What is penetration testing?

Note: This blog post was originally published on May 11, 2022, and was reviewed, optimized, and updated by internal experts on Dec. 15, 2023.

Oro provides content designed to educate and help audiences on their compliance journey.

Penetration testing, also known as pentesting, is a form of “ethical hacking.” Is your business prepared to be hacked? There is only one way to find out—and it might be by hacking yourself.

Pentesting is a process where testers attempt to access or exploit vulnerabilities in your organization’s computer system, network, website, and applications. Pentesting acts as a simulated cyberattack, aiming to evaluate the effectiveness of your organization’s security measures and let you know if you need to make any improvements.

Pentesters are ethical hackers who perform this simulated attack internally or externally, manually or automatically. The opportunities for improvement they uncover should prevent any real hackers from finding weaknesses and security issues in your system.

There are multiple different types of pentesting, and each penetration test has its own advantages. Depending on what industry your organization is in and what goals you have for the test, you will perform a different type of test for the results you’re looking for.

What are the three types of pentesting?

There are three categories of penetration tests, which range from complete surprise and disruption to planned testing with an internal partner who performs pentests. 

Black box pentest

With these external penetration tests, no data is provided to the tester or company conducting the testing. This type of test most closely represents a real-world scenario.  The attacker attempts to find holes and/or exploitable weaknesses in applications, architecture, configurations, API endpoints, and humans (via social engineering) to gain access to the environment.  

White box pentest

And finally, an internal, white box test—which is the softest approach when testing your security infrastructure. This test includes full disclosure of network and application architecture, IP addresses, and credentials. The test fully simulates a targeted attack with almost no system disruption.

Grey box pentest

During gray box testing, the tester will have partial access to the internal network or web application. This can be provided by making the tester a domain administrator or giving them software code and system architecture diagrams.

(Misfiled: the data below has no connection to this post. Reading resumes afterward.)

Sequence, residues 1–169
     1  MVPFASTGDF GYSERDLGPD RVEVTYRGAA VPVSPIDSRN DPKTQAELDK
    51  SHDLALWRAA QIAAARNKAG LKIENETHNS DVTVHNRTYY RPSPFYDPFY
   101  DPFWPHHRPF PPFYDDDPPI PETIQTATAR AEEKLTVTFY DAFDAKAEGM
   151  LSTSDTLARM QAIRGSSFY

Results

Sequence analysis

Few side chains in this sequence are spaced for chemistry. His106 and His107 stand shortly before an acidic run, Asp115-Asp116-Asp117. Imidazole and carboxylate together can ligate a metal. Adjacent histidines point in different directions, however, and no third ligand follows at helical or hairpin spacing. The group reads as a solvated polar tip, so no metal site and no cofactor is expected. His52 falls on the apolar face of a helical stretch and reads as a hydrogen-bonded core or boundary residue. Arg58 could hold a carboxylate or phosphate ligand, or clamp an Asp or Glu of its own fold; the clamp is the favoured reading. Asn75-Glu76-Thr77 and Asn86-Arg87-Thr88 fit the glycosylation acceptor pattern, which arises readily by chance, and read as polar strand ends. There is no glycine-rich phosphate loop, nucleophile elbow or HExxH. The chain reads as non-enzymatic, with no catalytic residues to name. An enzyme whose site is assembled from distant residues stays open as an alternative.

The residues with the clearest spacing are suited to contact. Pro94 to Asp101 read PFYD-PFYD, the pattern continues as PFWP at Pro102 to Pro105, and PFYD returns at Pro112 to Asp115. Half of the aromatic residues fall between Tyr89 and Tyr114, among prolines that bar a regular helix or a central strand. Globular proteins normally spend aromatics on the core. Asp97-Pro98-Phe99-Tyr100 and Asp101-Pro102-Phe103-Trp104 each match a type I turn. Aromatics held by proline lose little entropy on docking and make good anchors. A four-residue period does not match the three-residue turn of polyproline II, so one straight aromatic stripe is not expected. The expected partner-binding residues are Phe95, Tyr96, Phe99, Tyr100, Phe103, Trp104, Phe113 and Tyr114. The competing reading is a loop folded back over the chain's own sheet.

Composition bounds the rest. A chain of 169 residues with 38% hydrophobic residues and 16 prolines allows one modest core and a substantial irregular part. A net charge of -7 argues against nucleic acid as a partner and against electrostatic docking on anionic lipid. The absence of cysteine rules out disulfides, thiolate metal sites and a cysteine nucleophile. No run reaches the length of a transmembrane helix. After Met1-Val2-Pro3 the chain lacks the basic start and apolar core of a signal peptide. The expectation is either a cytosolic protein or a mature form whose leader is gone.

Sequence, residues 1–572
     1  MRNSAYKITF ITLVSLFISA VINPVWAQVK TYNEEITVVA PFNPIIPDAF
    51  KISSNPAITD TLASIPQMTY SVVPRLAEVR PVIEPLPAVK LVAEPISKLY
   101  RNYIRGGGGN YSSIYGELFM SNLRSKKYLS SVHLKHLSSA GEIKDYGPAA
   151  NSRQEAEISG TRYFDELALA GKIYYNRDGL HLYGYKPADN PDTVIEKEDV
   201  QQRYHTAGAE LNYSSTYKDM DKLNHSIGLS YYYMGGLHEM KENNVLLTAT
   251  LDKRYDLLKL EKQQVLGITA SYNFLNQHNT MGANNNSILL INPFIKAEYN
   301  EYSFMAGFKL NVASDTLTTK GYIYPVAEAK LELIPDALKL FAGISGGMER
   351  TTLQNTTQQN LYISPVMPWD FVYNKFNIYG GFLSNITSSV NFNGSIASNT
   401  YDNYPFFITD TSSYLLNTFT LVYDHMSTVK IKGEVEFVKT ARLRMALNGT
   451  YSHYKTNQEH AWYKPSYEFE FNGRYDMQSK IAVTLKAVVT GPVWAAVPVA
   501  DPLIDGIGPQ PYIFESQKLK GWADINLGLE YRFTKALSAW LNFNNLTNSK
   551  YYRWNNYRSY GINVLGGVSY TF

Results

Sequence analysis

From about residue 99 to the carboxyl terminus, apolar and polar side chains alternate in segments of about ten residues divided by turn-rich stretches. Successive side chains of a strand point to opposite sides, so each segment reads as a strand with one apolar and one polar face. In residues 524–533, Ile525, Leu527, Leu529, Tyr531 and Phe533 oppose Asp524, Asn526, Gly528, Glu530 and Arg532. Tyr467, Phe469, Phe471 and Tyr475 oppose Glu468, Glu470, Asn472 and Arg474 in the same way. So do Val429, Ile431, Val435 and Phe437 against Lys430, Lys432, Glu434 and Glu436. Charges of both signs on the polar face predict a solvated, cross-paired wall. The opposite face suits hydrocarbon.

In most cases, only a set of login credentials for computer systems is provided. This strikes a balance between depth and efficiency. As most real-world scenarios include the attacker doing reconnaissance, a grey box test can be efficient and authentic.

The main advantage of gray box testing is the reporting provides a more focused and efficient assessment of your network’s security. Instead of a trial and error approach, gray pentesters can more easily identify weak spots in the network from the inside. From there, they can strategize ways to fill the gaps.

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Pentest costs

Penetration tests are priced based on scope. This includes variables like: 

  • The number of external endpoints, API and IP addresses, 
  • The scope of configuration density,
  • Re-testing, time for remediation and mitigation,
  • Depth of application testing, and
  • Source code review.

Now that we’ve discussed the various ways of pentesting let’s discuss the five steps of penetration testing your tester should go through.

What are the five steps to penetration testing?

The pentesting process can be broken down into the following five steps:

1. Planning & reconnaissance 

During this first step, define the scope and goals, as well as decide which testing methods will be used. Gather intelligence, such as network or domain names, and provide it to the pentester.

2. Scanning

Understand how the target application responds to various intrusion attempts. This is done by leveraging static analysis (inspecting code to estimate the way it behaves while running) and dynamic analysis (inspecting code in a running state).

3. Gaining access

Use application attacks like cross-site scripting, SQL injection, and backdoors to uncover your network or server’s vulnerabilities and exploit them. Strategies include escalating privileges, stealing data, intercepting traffic, and more to see the damage they can cause.

4. Maintaining access

Once the tester identifies a vulnerability and exploits it within the target system, the tester validates the ability to move within the system persistently. This indicates that a malicious actor could gain in-depth access to exploit additional weaknesses. The actor may move within the system to exploit or identify additional opportunities to gather information or attack. 

5. Analysis & configuration 

At the final step of the penetration testing, compile a report and showcase the data gathered. The report should include specific exploited vulnerabilities, the accessed, sensitive data, and the amount of time the tester remained in the system undetected.

From here, it is the job of security professionals within your organization to move forward with new security features and solutions to resolve these issues to protect against future attacks.

The bottom line

With cyber hacking techniques getting more advanced, it’s imperative that your organization conducts regular pentests. You’ll also need to conduct a pentest to stay compliant with frameworks like SOC 2 or ISO 27001. We recommend engaging penetration testers anytime your business introduces a new product line or potential vulnerability to the ecosystem. 

With Thoropass’s all-in-one approach to compliance, all your penetration testing services are included in one subscription price.

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